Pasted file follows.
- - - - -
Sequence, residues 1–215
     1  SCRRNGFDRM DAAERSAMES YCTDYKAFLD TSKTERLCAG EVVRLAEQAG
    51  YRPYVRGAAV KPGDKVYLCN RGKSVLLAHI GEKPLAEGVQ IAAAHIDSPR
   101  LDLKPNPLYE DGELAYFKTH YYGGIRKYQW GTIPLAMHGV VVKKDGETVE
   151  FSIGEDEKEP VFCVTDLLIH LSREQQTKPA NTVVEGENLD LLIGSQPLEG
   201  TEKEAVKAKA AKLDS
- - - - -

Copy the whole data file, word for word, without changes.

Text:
Sequence, residues 1–215
     1  SCRRNGFDRM DAAERSAMES YCTDYKAFLD TSKTERLCAG EVVRLAEQAG
    51  YRPYVRGAAV KPGDKVYLCN RGKSVLLAHI GEKPLAEGVQ IAAAHIDSPR
   101  LDLKPNPLYE DGELAYFKTH YYGGIRKYQW GTIPLAMHGV VVKKDGETVE
   151  FSIGEDEKEP VFCVTDLLIH LSREQQTKPA NTVVEGENLD LLIGSQPLEG
   201  TEKEAVKAKA AKLDS